Nicely written blog on SanDisk Extreme PRO and Crucial X6 4TB Portable SSDs comparisions. for data recovery related issued in SSD can reach out to lifeguard data recovery services Reply
  • jabakobob - Wednesday, November 3, 2021 - link

    I'd like to correct a major error in this review: The X6 does not have 800GB of SLC cache.

    Instead, it just uses empty QLC cells as cache and writes only 1 bit to them instead of 4. So it effectively has a big SLC cache as long as it is <20% full. But the fuller it gets, the less cache it has!

    So basically it's a nice and fast drive as long as you only use 800GB. If you use more than that, performance craters.

    If you buy this drive to store a lot of data, it will never perform as well as in the tests. I assume most of the tests (except the worst case test) were done with an empty drive, so they are pretty much useless. It would be interesting how the drive would perform if it is 50% full or 80% full.

    If you actually need 4TB of capacity, don't buy this drive.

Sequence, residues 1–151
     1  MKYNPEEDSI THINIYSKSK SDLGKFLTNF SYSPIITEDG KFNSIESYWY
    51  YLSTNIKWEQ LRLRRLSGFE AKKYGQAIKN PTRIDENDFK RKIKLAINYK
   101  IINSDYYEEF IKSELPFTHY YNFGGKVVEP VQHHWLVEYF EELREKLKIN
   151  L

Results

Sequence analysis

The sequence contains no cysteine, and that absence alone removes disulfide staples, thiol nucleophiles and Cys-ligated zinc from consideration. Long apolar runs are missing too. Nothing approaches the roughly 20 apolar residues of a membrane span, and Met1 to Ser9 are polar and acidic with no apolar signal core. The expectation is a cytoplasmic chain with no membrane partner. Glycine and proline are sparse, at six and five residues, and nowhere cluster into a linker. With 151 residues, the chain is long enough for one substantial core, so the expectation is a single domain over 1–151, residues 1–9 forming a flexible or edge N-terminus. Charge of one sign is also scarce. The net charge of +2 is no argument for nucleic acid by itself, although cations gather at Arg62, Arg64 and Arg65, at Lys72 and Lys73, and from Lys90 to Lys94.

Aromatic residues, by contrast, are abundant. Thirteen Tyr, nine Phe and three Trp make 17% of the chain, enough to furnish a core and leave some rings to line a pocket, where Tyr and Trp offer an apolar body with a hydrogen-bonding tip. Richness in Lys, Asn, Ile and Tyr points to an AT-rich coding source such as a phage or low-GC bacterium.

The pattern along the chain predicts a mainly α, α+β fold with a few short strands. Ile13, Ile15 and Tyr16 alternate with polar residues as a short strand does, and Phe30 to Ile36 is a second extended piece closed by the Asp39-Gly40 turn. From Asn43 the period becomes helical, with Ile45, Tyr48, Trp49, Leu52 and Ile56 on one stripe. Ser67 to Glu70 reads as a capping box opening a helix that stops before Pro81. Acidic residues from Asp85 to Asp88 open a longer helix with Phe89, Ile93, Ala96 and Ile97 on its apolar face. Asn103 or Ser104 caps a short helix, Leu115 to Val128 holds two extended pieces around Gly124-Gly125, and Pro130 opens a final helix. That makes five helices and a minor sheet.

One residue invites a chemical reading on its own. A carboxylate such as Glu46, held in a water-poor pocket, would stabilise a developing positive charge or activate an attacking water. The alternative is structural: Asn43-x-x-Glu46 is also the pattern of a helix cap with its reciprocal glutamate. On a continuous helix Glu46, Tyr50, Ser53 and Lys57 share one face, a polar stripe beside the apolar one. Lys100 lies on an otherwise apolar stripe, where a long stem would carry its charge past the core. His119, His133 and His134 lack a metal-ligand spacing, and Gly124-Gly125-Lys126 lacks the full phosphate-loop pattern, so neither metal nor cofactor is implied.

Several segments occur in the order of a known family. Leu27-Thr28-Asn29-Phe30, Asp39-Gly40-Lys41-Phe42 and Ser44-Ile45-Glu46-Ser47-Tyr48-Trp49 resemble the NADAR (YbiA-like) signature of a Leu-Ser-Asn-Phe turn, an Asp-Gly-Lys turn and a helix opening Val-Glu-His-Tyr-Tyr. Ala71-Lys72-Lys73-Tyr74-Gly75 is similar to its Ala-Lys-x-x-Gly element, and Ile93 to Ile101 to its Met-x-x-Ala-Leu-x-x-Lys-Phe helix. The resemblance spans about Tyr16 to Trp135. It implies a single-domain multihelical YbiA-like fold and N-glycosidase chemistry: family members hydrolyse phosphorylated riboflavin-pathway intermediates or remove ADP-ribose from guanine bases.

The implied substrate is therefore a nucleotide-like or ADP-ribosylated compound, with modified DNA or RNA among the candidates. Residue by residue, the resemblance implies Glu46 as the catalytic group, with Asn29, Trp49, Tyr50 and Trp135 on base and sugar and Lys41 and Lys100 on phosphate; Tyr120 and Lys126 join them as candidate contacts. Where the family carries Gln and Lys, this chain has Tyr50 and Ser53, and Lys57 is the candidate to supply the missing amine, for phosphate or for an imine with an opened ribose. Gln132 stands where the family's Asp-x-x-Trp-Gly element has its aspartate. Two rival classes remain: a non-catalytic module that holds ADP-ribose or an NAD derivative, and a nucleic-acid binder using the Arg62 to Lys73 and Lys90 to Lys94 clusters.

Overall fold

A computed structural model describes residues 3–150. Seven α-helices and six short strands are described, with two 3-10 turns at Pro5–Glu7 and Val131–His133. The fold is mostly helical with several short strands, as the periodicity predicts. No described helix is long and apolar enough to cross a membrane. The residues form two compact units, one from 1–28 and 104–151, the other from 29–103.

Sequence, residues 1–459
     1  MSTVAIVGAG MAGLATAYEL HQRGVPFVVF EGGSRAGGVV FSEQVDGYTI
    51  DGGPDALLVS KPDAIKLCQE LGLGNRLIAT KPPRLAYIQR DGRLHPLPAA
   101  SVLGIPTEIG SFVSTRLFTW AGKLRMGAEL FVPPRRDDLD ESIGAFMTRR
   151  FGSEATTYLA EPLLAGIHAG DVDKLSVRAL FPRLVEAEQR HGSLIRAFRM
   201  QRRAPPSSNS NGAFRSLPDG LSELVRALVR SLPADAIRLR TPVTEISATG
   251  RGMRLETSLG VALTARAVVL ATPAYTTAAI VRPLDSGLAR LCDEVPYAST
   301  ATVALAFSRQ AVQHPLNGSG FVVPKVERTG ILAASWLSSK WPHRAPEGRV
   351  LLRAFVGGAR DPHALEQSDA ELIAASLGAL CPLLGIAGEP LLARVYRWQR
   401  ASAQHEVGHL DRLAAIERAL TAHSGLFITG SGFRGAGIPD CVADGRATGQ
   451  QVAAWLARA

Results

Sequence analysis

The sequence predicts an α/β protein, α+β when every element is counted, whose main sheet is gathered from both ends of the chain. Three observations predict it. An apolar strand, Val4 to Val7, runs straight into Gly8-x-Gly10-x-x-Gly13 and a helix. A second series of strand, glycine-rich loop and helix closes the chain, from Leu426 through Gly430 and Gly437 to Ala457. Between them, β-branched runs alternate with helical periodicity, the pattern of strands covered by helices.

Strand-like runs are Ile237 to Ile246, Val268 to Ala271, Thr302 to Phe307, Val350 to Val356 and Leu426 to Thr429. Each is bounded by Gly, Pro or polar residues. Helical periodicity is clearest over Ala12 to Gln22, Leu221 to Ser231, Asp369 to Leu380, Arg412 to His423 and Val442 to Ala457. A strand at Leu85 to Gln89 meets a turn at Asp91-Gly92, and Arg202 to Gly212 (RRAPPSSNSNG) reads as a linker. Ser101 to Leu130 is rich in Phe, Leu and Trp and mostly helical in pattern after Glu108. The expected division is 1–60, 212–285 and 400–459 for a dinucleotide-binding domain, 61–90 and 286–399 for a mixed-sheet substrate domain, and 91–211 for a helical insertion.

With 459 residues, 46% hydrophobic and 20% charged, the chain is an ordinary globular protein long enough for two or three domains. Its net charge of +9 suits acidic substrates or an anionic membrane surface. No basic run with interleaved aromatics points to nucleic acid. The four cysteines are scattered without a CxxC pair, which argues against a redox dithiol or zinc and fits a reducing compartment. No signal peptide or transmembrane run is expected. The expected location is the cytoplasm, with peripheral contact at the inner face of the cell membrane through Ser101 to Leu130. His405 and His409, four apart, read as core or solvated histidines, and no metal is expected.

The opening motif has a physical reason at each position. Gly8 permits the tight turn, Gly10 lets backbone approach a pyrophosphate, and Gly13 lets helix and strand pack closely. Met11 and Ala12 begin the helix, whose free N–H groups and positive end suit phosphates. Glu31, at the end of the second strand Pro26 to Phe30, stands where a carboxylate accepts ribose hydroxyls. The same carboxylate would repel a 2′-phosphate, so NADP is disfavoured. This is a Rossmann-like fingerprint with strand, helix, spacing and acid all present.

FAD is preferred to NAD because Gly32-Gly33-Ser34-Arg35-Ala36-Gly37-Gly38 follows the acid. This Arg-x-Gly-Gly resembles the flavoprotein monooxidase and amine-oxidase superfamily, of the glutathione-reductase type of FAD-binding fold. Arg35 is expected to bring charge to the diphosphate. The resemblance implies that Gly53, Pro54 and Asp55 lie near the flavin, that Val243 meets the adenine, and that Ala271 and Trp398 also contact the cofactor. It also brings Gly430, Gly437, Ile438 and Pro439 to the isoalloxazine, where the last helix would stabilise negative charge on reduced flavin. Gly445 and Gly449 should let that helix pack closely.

• chemist1 - Friday, August 26, 2022 - link

    In order to make these tests as real-world as possible, you should first add files to the disks until they are about 50%-60% full (as opposed to running them on empty disks). Do you do that? Reply
  • yifu - Monday, October 10, 2022 - link

    I bought the x6 2tb last month, a return item for 110€. Some 500gb write on disk.
    I loved it. It Use very little power. I don’t think you test on the new firmware. Plugged in iPad Pro all day forgot to unplug. Didn’t even use 1% of batterie. I guess host device sleep, x6 drove no power. Great product for its targeted users environment.